“It’s taking too long,” my grandmother said.
“I’m frying bacon as fast as I can,” I replied. She stirred a spoonful of sugar into her coffee cup. “That’s not what I’m talking about.”
We locked eyes. In the time it took me to count three seconds, her eyes told me more than words could convey. I saw fear — one Mississippi. Pain — two Mississippi. Sadness — three Mississippi.
The quiet in the kitchen was loud. It roared in my ears.
I couldn’t hold her gaze. Turning to the skillet, I stirred flour, salt, and pepper into the bacon grease to make gravy the way she’d taught me years before. My body was at the stove, but my mind was a million miles away wondering if anticipation of loss is worse than actual loss.
I was already missing my grandmother, Maxine, though she was six feet away in my sunny breakfast nook, sipping coffee at the oval oak table she’d given me. She didn’t need furniture after she moved in with my mom and stepdad.
I was grateful she couldn’t see the look in her eyes mirrored in mine. I had words of encouragement, but words couldn’t squeeze around the lump in my throat. I poured milk into the pan while she talked about radiation treatments, endless doctor appointments, and the achingly slow pace of passing.
I’ll always believe not seeing or hearing my reaction allowed her to express her true, raw feelings in a fearless way. She admitted surprise; she never expected to live so long after receiving a diagnosis of advanced lung cancer fifteen months earlier. She didn’t want to leave us but didn’t want to burden us. She’d spent her life taking care of others, never imagining it could ever be the other way around.
“You could never be a bur—”
She didn’t let me finish. She wasn’t interested in being placated.
I stirred the gravy and stole glances at her. She had a faraway look. I’d seen that look before when she’d told me about being orphaned as a young child. After her parents died, she’d lived with family members not exactly happy about her presence in their home. I’d also seen the look when she described defying her non-supportive husband to attend nursing school. She obtained a nursing degree and a divorce. She did what she had to do.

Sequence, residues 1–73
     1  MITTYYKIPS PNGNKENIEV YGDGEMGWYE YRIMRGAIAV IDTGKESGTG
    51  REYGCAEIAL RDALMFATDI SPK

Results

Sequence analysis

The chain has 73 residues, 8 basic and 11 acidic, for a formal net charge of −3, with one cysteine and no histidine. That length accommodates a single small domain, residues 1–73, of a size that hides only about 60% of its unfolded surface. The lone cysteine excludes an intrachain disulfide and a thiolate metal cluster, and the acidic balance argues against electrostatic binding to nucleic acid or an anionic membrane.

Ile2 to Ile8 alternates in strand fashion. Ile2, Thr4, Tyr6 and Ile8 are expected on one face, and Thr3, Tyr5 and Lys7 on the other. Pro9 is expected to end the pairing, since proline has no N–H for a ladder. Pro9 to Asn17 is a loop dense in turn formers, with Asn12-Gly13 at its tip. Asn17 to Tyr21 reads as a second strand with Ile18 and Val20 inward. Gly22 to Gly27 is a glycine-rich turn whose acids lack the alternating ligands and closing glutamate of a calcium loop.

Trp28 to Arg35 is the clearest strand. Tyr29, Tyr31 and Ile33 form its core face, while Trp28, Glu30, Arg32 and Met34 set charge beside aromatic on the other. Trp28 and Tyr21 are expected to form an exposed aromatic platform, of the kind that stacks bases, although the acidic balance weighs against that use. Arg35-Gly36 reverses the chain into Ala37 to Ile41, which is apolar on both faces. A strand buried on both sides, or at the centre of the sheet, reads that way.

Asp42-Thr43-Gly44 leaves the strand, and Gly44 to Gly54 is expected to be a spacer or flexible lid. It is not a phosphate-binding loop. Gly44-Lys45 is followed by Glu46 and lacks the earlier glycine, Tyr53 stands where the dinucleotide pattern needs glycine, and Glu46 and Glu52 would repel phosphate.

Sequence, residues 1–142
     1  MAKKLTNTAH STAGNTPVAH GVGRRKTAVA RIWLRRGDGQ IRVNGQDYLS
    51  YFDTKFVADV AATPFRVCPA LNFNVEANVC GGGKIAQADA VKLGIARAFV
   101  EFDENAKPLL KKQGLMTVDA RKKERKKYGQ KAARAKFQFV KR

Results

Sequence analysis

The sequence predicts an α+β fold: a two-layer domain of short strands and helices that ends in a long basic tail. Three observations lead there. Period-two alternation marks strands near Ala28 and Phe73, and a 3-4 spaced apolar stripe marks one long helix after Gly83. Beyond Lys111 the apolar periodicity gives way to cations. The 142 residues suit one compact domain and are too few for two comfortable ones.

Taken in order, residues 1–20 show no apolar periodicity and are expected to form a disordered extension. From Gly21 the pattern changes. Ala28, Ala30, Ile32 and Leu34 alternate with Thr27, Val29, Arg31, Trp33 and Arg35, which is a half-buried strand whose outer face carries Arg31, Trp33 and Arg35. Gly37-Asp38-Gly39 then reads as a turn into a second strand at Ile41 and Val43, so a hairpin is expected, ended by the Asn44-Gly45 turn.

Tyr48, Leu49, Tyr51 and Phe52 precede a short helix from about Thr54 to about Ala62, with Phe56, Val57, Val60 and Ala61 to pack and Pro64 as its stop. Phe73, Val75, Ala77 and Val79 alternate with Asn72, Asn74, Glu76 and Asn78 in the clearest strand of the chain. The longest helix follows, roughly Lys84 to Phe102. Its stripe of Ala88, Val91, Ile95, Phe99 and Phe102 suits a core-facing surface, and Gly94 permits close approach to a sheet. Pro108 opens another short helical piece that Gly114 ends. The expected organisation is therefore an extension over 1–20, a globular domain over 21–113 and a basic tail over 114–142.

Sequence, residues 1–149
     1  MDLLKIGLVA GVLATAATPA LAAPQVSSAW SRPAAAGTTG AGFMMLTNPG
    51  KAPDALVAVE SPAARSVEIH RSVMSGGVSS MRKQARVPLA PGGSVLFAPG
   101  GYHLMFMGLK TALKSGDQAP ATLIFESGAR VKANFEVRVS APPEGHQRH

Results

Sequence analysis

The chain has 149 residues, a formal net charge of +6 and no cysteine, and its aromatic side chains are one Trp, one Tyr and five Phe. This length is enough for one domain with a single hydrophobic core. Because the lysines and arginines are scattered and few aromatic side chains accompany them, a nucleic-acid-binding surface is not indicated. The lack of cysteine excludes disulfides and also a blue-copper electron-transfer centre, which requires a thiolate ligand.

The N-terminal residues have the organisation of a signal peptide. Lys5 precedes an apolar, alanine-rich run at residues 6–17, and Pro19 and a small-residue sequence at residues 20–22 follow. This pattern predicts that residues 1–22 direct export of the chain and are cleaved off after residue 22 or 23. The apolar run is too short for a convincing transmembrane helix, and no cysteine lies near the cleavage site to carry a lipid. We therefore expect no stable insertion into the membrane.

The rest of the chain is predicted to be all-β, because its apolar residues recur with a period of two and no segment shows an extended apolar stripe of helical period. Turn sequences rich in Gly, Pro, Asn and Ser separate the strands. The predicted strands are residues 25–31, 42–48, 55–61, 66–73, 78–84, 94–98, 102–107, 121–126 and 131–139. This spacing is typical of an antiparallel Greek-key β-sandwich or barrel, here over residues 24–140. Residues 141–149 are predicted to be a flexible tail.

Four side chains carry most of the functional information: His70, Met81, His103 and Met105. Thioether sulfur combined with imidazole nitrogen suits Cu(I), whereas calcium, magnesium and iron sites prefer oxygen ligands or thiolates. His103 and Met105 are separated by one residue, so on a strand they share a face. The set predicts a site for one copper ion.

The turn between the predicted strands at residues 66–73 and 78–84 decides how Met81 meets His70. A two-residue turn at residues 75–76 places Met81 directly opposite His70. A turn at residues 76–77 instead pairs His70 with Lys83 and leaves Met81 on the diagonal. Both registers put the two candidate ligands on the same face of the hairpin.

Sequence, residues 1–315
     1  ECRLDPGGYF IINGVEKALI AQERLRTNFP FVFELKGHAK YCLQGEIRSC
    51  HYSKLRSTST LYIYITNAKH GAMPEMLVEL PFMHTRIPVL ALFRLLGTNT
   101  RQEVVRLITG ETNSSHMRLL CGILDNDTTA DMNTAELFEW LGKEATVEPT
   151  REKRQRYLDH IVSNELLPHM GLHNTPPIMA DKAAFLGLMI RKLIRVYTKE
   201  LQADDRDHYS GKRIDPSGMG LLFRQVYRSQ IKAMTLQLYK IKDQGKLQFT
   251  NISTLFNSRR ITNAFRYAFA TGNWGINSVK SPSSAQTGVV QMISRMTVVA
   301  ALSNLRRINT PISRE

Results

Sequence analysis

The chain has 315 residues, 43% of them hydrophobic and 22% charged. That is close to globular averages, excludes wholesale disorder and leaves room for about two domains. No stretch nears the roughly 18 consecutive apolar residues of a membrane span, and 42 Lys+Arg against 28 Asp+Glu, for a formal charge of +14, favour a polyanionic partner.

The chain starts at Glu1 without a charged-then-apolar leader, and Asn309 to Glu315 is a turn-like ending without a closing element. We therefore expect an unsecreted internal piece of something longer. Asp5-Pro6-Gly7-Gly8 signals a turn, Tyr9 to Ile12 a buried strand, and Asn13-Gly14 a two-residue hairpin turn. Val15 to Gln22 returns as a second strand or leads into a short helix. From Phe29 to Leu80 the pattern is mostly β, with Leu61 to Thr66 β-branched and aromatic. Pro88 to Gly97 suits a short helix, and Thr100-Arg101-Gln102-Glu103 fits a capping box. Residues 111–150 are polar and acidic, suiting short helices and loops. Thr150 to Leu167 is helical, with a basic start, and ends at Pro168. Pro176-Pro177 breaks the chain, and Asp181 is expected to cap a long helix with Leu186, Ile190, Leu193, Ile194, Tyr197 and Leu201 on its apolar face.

The oven chimed; the biscuits were ready. So was the gravy. I set the food on the table and poured her more coffee.
“Hey, don’t forget the pickles,” she said.
I made a sound — part snort, part laugh, part sigh. Tension left my body like air escaping a leaky balloon. I took store-bought pickles out of the refrigerator. “Why do you always eat pickles at breakfast?”
I knew the answer. She’d told the story many times, but I wanted to hear her tell it one more time. She eagerly launched into the tale her former mother-in-law, Emma, had told her. Emma woke before dawn every day to make breakfast for her thirteen children. She did what she had to do. There were so many mouths to feed, Emma used a large dishpan to prepare biscuit dough. They didn’t have much, but homemade pickles were plenty. And, through that, a tradition was born.
My grandmother and I sat at the table until almost noon eating pickles, talking, crying, and mostly laughing at family stories. It’s a time I cherish because I didn’t miss her for those few hours that we didn’t pretend death wasn’t on the way.
I like to think I provided a little peace along with a lot of pickles that sweet spring day in 2000. By fall, she was gone. She did what she had to do. Our family has never been the same, but we still eat pickles at breakfast.
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